Easter Sunrise Service (Ken Pennings) 4/12/2020

Will we be bathed in the light of resurrection? Will sorrow give way to joy? Will evil be overcome with goodness, mercy and grace?

John 20:1-9 __________________________________________________________________ 

On the first day of the week, Mary of Magdala came to the tomb early in the morning, 

while it was still dark, and saw the stone removed from the tomb. So she ran and went to Simon Peter 

and to the other disciple whom Jesus loved, and told them, “They have taken the Lord from the tomb, 

and we don’t know where they put him.” So Peter and the other disciple went out and came to the tomb. They both ran, but the other disciple ran faster than Peter 

and arrived at the tomb first; he bent down and saw the burial cloths there, but did not go in. When Simon Peter arrived after him, he went into the tomb and saw the burial cloths there, 

and the cloth that had covered his head, not with the burial cloths but rolled up in a separate place. Then the other disciple also went in, the one who had arrived at the tomb first, 

and he saw and believed. 

 

It was the very first verse of our Gospel reading which spoke to me in a significant way. 

“On the first day of the week, Mary of Magdala came to the tomb early in the morning, while it was still dark, and saw the stone removed from the tomb.” 

I immediately thought about what might have been going on in Mary’s heart and mind early that morning while it was still dark — her grief, disillusionment, despair, despondency, confusion, anger, and fear. 

I wondered if she’d had a sleepless night and reasoned to herself, “Well, if I’m going to be awake, I might as well be awake at the tomb of the one I loved and followed.” 

Perhaps she was still in shock and was trembling as she stumbled her way to the tomb. Perhaps she was wringing her hands in worry. Was there was an agonizing ache in her stomach? Were there hot tears streaming down her face? 

She might have been floundering around in the darkness, largely because of the deep darkness in her own soul.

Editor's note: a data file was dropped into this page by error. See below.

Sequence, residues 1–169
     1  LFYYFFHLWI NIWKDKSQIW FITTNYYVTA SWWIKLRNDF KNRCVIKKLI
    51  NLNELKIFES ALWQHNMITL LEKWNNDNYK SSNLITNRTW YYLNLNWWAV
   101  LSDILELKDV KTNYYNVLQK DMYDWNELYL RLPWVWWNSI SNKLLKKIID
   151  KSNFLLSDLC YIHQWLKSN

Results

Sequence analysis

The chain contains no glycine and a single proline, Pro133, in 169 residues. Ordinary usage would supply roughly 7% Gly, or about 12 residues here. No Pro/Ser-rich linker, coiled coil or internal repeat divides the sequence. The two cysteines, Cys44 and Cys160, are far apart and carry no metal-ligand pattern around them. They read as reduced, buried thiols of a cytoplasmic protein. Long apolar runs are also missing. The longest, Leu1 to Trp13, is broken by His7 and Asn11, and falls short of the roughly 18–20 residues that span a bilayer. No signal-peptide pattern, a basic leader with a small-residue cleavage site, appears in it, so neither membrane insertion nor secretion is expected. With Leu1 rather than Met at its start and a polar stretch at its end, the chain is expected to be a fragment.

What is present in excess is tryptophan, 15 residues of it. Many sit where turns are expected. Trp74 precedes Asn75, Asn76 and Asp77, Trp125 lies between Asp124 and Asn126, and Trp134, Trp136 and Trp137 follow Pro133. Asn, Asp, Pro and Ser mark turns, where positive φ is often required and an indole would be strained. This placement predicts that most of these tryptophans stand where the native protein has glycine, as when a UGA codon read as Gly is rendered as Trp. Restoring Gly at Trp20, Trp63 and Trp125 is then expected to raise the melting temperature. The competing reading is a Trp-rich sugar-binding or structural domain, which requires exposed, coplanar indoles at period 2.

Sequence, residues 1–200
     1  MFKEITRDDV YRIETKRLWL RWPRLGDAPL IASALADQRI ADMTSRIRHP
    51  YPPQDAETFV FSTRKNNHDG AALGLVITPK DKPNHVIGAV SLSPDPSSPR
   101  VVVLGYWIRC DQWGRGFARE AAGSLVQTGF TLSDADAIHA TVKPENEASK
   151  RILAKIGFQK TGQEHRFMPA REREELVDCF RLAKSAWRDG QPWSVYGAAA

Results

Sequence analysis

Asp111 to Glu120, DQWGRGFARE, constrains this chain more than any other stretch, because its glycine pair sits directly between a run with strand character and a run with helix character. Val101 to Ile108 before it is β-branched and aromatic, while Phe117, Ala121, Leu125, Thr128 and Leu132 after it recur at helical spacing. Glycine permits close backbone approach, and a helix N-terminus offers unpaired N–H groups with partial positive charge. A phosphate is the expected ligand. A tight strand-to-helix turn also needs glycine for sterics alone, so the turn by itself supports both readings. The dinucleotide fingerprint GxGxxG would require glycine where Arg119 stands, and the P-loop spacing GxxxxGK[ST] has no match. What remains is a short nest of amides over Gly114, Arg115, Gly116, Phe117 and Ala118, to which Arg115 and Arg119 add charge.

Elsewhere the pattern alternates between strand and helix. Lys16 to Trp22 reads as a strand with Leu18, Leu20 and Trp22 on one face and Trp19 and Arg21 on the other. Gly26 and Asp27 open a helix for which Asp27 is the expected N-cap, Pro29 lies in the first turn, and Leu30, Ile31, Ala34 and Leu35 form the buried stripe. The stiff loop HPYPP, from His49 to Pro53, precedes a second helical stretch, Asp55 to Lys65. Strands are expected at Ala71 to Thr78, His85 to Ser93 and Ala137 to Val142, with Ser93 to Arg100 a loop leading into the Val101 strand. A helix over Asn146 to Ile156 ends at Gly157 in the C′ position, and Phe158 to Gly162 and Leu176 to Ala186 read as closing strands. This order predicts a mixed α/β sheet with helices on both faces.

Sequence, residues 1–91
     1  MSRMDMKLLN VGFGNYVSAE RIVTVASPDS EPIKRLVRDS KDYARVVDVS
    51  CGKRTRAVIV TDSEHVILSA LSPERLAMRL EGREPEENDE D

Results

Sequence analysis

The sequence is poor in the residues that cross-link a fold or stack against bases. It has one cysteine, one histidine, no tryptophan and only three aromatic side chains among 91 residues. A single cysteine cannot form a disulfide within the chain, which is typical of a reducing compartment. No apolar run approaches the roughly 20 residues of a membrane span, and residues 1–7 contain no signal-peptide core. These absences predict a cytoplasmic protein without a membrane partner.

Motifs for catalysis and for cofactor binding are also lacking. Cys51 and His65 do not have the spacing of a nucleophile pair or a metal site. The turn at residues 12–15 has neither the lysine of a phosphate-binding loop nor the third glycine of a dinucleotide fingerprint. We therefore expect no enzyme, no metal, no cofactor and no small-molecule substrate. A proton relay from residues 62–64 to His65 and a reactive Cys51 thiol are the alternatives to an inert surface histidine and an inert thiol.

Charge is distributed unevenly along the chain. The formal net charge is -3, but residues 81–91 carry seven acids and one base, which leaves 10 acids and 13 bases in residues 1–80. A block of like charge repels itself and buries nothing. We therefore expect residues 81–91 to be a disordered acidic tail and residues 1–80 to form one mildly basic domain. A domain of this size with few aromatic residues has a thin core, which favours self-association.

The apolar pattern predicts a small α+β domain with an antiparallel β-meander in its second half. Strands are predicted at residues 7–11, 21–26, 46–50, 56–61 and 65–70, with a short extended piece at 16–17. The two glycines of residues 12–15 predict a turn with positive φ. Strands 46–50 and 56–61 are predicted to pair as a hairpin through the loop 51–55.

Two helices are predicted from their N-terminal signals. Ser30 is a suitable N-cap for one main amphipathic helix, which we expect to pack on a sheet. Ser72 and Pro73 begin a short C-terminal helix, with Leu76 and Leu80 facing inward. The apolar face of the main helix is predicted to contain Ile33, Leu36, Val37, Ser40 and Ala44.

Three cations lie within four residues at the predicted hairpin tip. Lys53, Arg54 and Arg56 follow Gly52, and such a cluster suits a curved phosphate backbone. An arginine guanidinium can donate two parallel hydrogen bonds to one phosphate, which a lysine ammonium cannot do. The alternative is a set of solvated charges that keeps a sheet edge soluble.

But the real reason I didn’t get beyond the first sentence of today’s text was because of what I was bringing to it. In this time of pandemic, while the number of Covid 19 infections and deaths continues to rise at an alarming rate, I was bringing my own grief, disillusionment, despair, despondency, confusion, anger, and fear to the text. 

I’m wondering if most, if not all of us, are learning to live in the dark night of the soul. 

Mary had no idea what she’d find when she got to the tomb. And we have no idea what’s ahead of us either. 

Will we be bathed in the light of resurrection? Will sorrow give way to joy? Will evil be overcome with goodness, mercy and grace? 

We can only hope, in faith, that daylight will come, that life will triumph over death. 

Notice in the Gospel that Peter and the other disciple whom Jesus loved raced to the tomb, looked inside, and saw evidence of Jesus’ resurrection – graveclothes in one place, the cloth that covered his head in another. 

When the darkness began to recede and the day dawned, the disciples received glimpses of grace and flashes of pleasure. The disciples saw and believed! 

And in these dark days of the Covid virus, we are witnessing evidences of new life. We too receive glimpses of grace and flashes of pleasure. Like the early disciples, we see and believe. 

Pandemic is already revealing to us the beauty of humanity and life itself. New York City once again pulls together in this crisis, despite predictions it would fall apart, with the nightly applause for healthcare workers echoing between rows of brownstones and skyscrapers. The neighbor up the street collects fabric to make masks for medical professionals. The dog walker runs errands for the elderly. The dad now has time to skateboard down the quiet streets with his daughter. The couple on the porch gives a concert to neighbors. A civil servant speaks out courageously and diplomatically. A company lessens its own profits to serve employees or deliver health care supplies for the greater good. A retired nurse or doctor returns to service. 

In Barbara Brown Taylor’s book, Learning to Walk in the Dark, she asks, “Doesn’t God work in the darkness as well as in the light? Might we explore all that God has to teach us ‘in the dark?’ Through darkness we find courage, we understand the world in new ways, and we feel God’s presence around us, guiding us through things seen and unseen. Often, it is while we are in the dark that we grow the most.” 

Amen

 

Leave a Reply

Your email address will not be published. Required fields are marked *